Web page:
September 29, 2017 - 11:04 am
An overhaul of how the Nevada System of Higher Education manages money and employees is set to go live Sunday.
The launch of the $41 million project is a year overdue, but NSHE’s Chief Information Officer says every precaution was taken to avoid another delay.
“You have several thousand people trying to learn this,” said Bob Moulton, chief information officer and executive director of System Computing Services for NSHE. “We’re doing everything we can to make it as easy as possible, but until you do things two or three times, it’s kind of tough.”
Moulton and consultant Chris Mercer were hired in June 2016 to help get the project, dubbed Integrate 2, back on track.
“This is a huge project,” Moulton said. “It’s not uncommon to get off course. Sometimes you just don’t know you’re lost until all of a sudden it becomes apparent that this is going to crash and burn.”
Chet Burton, chief financial officer for NSHE, said he’s participated in a number of immense projects in other positions, and many times new people must be brought in as the project moves to the operational phase.
“Clearly, in this case, I think that the right management team is in place to shepherd us through the go live,” he said.
Nevertheless, the first three to four months post-launch are just as critical as the year preceding it.
“No matter how thorough you are, issues will come up and we need to be able to react to those to make sure there’s no disruption to customer service, whether it’s paying bills or paying employees through payroll,” Burton said.
The $41 million to implement Integrate 2 includes a five-year subscription for new software, consulting costs and salaries of NSHE employees to get it up and running.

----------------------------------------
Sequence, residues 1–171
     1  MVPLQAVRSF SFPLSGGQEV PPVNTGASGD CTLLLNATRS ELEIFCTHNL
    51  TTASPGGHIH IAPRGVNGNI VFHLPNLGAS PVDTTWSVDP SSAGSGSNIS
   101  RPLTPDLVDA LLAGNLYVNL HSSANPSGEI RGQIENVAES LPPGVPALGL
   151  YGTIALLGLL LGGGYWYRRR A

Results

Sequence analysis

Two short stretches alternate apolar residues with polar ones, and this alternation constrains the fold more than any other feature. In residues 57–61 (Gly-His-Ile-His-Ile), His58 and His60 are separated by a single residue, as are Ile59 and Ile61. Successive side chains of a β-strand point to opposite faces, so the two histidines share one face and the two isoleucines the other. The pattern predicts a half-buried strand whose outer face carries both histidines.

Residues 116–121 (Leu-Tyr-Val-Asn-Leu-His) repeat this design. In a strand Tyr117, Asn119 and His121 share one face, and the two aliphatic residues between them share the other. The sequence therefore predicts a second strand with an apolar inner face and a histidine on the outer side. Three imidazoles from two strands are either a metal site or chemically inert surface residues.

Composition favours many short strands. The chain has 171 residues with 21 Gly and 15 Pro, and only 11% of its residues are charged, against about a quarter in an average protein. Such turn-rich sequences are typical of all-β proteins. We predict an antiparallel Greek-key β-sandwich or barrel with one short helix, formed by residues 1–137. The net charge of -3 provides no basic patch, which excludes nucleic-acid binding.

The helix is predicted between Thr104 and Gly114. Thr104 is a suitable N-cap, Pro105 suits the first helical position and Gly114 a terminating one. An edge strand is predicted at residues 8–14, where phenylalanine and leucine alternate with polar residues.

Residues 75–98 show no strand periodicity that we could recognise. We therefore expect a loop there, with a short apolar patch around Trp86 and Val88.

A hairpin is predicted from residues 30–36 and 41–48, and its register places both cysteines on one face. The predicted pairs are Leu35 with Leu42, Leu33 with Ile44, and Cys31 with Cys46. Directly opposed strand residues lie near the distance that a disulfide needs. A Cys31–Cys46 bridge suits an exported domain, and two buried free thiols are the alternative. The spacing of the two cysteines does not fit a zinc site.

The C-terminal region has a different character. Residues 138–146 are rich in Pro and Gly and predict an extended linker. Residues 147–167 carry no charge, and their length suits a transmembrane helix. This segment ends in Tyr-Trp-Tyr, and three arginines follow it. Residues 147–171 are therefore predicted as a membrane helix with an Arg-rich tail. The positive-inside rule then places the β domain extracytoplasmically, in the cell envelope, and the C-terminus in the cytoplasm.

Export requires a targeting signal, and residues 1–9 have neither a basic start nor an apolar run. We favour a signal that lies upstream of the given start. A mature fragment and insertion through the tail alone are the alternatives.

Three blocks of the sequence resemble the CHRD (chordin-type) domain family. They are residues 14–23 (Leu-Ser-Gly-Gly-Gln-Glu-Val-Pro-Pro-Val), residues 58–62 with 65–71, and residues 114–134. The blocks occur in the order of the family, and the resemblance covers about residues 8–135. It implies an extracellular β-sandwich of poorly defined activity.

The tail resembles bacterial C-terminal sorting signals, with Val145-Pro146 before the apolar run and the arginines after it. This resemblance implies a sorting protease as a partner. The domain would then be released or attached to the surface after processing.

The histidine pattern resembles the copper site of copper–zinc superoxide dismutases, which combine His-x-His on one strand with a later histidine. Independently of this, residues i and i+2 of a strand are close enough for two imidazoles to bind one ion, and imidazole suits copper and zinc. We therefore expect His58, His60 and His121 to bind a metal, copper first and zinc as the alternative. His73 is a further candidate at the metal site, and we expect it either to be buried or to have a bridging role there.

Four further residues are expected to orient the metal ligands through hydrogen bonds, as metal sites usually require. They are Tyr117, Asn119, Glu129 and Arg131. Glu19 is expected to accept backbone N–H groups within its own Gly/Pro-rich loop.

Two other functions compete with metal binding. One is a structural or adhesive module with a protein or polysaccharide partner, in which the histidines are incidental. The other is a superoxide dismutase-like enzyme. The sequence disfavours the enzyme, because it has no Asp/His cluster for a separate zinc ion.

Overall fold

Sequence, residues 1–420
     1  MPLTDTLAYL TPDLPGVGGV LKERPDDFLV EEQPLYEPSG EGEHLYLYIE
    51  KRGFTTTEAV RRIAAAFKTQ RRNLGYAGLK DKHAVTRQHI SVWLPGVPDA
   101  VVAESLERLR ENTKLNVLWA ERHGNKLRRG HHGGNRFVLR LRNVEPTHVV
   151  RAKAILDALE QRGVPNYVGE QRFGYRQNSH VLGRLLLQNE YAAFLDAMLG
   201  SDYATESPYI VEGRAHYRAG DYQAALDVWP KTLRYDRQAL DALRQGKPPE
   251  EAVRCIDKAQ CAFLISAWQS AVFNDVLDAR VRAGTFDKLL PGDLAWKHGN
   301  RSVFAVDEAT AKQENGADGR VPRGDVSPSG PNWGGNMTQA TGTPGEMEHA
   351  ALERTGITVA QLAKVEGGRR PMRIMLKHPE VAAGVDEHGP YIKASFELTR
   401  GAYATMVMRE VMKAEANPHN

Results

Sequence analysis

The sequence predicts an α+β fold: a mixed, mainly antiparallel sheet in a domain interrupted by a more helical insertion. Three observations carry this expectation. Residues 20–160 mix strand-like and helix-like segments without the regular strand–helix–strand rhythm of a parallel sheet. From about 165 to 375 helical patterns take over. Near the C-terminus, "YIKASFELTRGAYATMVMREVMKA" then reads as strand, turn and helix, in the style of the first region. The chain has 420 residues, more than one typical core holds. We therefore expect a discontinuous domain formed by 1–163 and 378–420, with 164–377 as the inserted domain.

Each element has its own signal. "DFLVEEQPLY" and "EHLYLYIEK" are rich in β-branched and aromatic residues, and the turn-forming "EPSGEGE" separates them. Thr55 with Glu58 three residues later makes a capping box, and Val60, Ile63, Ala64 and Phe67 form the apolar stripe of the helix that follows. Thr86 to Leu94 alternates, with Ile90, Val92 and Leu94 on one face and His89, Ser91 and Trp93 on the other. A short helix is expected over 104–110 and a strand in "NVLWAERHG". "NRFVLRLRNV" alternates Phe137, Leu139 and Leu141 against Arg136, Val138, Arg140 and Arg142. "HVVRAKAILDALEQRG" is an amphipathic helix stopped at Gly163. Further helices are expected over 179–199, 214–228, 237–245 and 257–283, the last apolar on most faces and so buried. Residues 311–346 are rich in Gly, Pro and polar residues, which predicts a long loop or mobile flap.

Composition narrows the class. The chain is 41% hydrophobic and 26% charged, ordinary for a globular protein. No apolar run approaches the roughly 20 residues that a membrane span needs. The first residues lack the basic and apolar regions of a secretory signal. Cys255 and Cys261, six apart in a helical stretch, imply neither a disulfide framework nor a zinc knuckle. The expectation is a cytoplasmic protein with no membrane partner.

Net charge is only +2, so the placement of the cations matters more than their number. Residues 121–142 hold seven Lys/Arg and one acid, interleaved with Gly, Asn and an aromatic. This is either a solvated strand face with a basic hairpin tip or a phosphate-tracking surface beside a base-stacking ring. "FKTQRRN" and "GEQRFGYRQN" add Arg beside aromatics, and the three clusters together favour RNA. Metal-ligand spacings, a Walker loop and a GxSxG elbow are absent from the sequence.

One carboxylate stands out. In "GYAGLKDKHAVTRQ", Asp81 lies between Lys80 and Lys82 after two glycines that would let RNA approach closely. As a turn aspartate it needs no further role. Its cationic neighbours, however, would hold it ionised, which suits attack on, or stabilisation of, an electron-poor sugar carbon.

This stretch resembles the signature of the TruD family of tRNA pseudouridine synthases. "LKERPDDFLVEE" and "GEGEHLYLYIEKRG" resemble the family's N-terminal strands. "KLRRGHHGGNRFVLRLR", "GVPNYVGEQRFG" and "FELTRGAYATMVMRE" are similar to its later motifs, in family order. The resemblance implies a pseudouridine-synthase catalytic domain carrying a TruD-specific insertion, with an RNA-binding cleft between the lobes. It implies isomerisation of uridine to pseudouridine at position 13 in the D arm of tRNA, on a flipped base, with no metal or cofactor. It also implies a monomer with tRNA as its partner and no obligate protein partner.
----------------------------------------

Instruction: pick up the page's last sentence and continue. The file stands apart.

It’s the second phase of an effort meant to streamline and combine services among all of NSHE’s eight institutions. Integrate 1 launched in late 2011 and created a student management network across the state’s seven colleges.
With Integrate 2, human resources and financial information will be managed via a cloud-based subscription software called Workday. The Workday subscription is about $14.5 million.
Moulton said NSHE’s current software system is more than 20 years old; the normal lifespan is between 10 and 15 years. The software’s age has made it “very hard” and “very expensive” to maintain, he said.
“This one has definitely been used up,” Moulton said. “It does not have what we would call a lot of the current best practices built into it. It was hard to get information out and share information across the system.”
Moulton said his salary, additional consulting costs and another year of campus resources and salaries devoted to the Integrate 2 launch would have put the project over budget, but the vendor made concessions to keep it on track.
By comparison, the total implementation cost is $15 million more than the initial investment made by the state Legislature in 2015 for UNLV’s fledgling medical school. No state money, however, has been allocated to the project. NSHE instead relied on investment returns.
Moulton expects that the system will negotiate a new contract with Workday beyond 2019.
“It is no doubt a lot of money,” Moulton said. “But they get better control of how we do everything across NSHE. They’ll get more accurate and timely information about what’s being done and how it’s being spent.”
Contact Natalie Bruzda at email@example.com or 702-477-3897. Follow @NatalieBruzda on Twitter.
What is a cloud-based system?
The Nevada System of Higher Education’s old system of managing human resources and finances was housed on computers. Cloud-based computing, however, is centralized and hosted off-site from an organization’s physical location. NSHE’s new $41 million Integrate 2 project includes a subscription to Workday. Once the software goes live on Oct. 1, Workday will handle all upgrades, hardware and maintenance.